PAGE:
Illuminations: Martijn Hesseling and Sangsik Hong

April 29 - June 7, 2020
  • BLANK SPACE is pleased to present a two person exhibition featuring the work of Martijn Hesseling and Sangsik Hong. While formally quite different, both artists utilize found material and transparency to create works that capture light in striking and dramatic ways. From Hesseling's newspaper collages which appear to glow from within, to Hong's impossibly delicate and soft plastic straw sculptures, each piece included in the exhibition is a masterful example of the beauty to be found non-traditional material and the ways in which artists push the boundaries of possibility of their mediums and practice. The viewing room will open on May 14th and run until June 7th.

  • Martijn Hesseling, Kiosk II, 2019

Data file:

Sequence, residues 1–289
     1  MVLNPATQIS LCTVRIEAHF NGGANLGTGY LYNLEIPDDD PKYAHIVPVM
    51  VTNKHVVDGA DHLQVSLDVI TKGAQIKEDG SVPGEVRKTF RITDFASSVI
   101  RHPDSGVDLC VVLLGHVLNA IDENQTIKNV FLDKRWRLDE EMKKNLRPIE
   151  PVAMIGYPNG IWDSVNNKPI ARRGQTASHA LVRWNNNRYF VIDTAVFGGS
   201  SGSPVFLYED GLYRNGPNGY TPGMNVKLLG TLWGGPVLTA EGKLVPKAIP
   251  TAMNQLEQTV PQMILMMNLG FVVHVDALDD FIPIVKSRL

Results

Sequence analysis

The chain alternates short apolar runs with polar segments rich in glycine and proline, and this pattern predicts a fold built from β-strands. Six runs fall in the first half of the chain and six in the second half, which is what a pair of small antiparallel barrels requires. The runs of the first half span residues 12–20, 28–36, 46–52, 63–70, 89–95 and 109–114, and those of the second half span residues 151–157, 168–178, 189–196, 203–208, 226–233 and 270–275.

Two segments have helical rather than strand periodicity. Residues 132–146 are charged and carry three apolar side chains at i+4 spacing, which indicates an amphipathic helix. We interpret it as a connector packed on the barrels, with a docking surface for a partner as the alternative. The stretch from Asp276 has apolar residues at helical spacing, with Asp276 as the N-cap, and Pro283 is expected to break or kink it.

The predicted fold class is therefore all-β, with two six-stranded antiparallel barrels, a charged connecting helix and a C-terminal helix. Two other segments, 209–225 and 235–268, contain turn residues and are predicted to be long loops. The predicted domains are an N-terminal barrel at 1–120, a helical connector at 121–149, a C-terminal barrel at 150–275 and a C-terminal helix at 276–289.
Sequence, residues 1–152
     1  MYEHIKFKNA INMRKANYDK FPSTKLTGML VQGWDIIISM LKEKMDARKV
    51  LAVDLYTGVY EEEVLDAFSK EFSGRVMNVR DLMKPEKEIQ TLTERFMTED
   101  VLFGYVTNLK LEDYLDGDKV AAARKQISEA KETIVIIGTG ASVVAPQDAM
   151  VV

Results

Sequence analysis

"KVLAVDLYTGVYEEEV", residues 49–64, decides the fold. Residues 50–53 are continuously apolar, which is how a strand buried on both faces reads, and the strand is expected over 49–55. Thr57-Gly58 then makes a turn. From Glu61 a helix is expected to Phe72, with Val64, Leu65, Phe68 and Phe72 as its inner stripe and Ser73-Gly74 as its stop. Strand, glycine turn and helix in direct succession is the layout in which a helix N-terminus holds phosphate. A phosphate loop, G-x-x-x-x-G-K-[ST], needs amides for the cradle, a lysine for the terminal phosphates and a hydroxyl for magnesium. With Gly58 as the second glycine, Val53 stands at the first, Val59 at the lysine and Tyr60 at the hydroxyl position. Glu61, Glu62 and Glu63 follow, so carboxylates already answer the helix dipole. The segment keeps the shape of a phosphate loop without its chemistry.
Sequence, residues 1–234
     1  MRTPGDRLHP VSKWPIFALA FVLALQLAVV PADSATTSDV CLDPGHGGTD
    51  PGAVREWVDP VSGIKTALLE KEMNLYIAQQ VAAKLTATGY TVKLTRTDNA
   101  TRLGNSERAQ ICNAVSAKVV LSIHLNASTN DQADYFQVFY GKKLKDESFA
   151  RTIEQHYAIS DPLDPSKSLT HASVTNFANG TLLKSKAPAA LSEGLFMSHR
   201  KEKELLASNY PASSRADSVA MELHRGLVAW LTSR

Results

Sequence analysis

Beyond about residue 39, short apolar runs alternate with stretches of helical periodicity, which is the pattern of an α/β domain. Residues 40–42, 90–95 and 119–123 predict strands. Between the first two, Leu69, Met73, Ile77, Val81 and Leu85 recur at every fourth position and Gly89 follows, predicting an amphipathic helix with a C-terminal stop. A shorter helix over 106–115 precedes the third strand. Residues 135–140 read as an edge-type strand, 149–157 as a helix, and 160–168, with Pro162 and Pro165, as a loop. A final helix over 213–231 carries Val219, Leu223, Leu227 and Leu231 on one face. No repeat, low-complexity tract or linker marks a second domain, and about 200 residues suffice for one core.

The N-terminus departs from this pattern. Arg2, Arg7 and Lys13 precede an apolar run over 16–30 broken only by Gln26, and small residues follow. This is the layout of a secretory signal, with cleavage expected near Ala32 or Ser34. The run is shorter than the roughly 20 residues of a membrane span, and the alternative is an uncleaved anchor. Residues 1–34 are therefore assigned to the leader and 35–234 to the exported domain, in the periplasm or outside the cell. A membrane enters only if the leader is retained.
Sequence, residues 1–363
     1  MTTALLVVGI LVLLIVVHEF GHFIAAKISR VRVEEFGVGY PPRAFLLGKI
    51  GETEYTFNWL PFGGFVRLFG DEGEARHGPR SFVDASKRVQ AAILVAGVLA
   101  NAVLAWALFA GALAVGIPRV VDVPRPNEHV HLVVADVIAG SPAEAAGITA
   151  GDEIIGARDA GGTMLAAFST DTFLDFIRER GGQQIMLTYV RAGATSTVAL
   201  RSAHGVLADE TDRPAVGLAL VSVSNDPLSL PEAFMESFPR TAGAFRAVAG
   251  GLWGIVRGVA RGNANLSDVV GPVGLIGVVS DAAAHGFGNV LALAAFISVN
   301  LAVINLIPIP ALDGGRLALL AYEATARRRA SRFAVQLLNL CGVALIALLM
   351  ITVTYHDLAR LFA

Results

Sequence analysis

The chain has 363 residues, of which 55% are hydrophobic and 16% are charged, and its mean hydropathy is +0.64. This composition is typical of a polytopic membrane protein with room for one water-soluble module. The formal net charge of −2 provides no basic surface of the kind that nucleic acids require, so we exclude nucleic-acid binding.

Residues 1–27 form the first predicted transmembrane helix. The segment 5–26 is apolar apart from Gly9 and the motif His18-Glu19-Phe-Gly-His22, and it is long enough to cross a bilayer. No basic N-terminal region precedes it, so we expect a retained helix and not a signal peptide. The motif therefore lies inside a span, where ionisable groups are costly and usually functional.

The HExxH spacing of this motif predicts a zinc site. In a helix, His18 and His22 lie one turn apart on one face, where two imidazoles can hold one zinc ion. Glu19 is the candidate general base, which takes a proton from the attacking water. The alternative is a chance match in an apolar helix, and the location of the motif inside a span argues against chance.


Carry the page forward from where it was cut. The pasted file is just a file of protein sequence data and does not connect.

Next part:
Martijn Hesseling

    Kiosk II, 2019 Japanese newspaper with lacquer on plexiglass
    51 1/8 x 66 1/8 in
  • Martijn Hesseling builds his incredibly detailed, photorealistic works using only newspaper and laquer. Each work consists of nine or ten... Martijn Hesseling builds his incredibly detailed, photorealistic works using only newspaper and laquer. Each work consists of nine or ten...

    Martijn Hesseling builds his incredibly detailed, photorealistic works using only newspaper and laquer. Each work consists of nine or ten layers of paper, each laquered rendering it transparent, and thousands upon thousands of individual pieces. By stacking the clippings and using advertisements, images, and offsetting the text, he is able to control the density of the ink and paper to create a full spectrum from deep shadows, gradient mid-tones, and bright highlights. One of the most beautiful aspects of his work is the way it handles light. Because the paper is transparent, the highlights glow from behind the work (a feature that is readily incorporated in his Kiosk works to give depth and realistic lighting effects to the pieces).

     

    Image left: The beginning stages of Kiosk II building the base of the work before adding details later.

  • Martijn Hesseling, Candy Fair, 2019

    Martijn Hesseling

    Candy Fair, 2019 Newspaper with lacquer on plexiglass